In July, many were surprised to learn (even though we have shown this many times prior), that according to Credit Suisse analysts there has been just one buyer of stocks since the financial crisis: the corporate sector, also known as “stock buybacks.”
Well, don’t change the channel, because according to Goldman’s just-released forecast of fund flows in 2018, it will be more of the same as the single biggest buyer of stocks next year will be the same one as before: corporations buying back stock, some $590 billion of it to be precise, and more than all other sources of stock purchasing in the coming year combined. In fact, without buybacks, instead of net equity demand of $400 billion in 2018, there would be nearly $200 billion of outflows, something not seen since the financial crisis.
Here’s the summary from David Kostin: “Corporate buybacks and ETF inflows will drive US equity demand in 2018. We forecast corporate equity demand will rise by 3% to $590 billion next year. Increased authorizations and high cash balances should more than offset headwinds to buybacks from high valuations.”
In addition to buybacks, Goldman is confident that the passive investing euphoria will continue, and expects expect investor purchases of ETFs to hit a record high of $400 billion in 2018. Investor preference for passive vs. active funds should continue to drive demand for ETFs
Meanwhile, Goldman predicts that active investors will continue to liquidate holdings, and mutual funds will remain net sellers of equities in 2018 while foreign investors will reduce net buying.
We forecast mutual funds will sell $125 billion of equities in 2018, in line with net equity demand during the past two years. We expect stable US GDP growth and a flat US dollar will support $100 billion of foreign investor demand for US equities next year.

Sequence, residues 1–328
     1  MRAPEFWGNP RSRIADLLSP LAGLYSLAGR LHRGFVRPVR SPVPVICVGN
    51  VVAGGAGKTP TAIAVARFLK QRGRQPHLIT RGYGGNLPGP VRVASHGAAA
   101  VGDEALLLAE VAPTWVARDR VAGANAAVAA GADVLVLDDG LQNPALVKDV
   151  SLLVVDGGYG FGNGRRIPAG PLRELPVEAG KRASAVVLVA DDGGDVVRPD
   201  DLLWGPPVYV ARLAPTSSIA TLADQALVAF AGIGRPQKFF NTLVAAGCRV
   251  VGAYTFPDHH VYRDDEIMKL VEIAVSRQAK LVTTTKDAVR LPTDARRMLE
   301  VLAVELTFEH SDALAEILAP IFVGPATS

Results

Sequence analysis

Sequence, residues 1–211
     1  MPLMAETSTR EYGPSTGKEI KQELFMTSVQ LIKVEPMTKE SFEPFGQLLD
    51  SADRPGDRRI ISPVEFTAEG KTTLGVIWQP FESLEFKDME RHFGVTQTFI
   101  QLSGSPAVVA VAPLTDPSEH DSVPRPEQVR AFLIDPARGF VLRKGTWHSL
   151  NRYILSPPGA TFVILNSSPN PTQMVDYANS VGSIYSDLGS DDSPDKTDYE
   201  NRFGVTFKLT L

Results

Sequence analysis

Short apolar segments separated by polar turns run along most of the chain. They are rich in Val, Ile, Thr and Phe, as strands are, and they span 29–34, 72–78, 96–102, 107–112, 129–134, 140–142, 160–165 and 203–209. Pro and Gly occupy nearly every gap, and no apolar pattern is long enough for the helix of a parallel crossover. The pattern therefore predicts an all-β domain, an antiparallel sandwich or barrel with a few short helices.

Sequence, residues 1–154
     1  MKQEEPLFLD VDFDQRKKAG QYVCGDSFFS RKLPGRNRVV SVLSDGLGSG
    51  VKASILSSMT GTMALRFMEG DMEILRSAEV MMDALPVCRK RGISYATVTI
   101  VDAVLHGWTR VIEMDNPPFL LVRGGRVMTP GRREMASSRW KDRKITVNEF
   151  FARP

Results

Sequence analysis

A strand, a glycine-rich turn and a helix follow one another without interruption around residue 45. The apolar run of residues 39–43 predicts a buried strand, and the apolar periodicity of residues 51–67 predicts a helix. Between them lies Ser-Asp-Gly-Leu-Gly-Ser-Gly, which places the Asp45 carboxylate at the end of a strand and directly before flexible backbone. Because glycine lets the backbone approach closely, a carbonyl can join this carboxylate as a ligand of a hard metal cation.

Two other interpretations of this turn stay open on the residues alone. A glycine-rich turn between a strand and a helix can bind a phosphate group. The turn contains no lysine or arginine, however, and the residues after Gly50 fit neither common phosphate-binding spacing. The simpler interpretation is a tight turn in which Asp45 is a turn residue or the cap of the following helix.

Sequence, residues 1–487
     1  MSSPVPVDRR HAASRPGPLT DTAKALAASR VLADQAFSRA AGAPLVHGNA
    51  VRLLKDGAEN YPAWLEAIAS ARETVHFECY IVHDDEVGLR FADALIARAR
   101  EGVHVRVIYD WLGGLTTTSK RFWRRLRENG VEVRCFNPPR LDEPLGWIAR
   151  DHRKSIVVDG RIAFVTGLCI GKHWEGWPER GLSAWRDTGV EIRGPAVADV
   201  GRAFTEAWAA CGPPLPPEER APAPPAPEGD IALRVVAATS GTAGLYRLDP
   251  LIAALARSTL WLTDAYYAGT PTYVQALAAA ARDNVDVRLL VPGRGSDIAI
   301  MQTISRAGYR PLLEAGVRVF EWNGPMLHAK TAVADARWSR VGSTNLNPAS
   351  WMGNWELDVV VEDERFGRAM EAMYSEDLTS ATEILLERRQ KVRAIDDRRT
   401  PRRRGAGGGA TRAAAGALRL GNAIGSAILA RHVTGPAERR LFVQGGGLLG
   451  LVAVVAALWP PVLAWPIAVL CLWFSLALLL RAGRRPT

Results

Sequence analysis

Some more details on next year’s near-record corporate buybacks:
CORPORATIONS: We forecast corporations will purchase $570 billion (-9%) of US equities in 2017 and $590 billion (+3%) in 2018 primarily through share buybacks (net of issuance). During 1H 2017 there was a considerable slowdown in repurchase activity given elevated policy uncertainty. Net buybacks are on pace to fall by 21% vs. 2016. Consequently, we lower our 2017 corporate demand forecast to $570 billion from $640 billion, implying a decline of 9% vs. 2016. However, our estimate still assumes an acceleration in net buybacks in 2H vs. 1H given a 60% expected increase in Financials buybacks due to CCAR results and buyback seasonality (2H usually comprises around 60% of annual buybacks). Net buybacks should rise by 3% in 2018 given an increase in repurchase authorizations including and excluding Financials, high cash balances, and solid earnings growth. However, extended valuation should limit substantial buyback growth. Rising interest rates and the underperformance of stocks focused on buybacks could pose additional headwinds to total corporate equity purchases.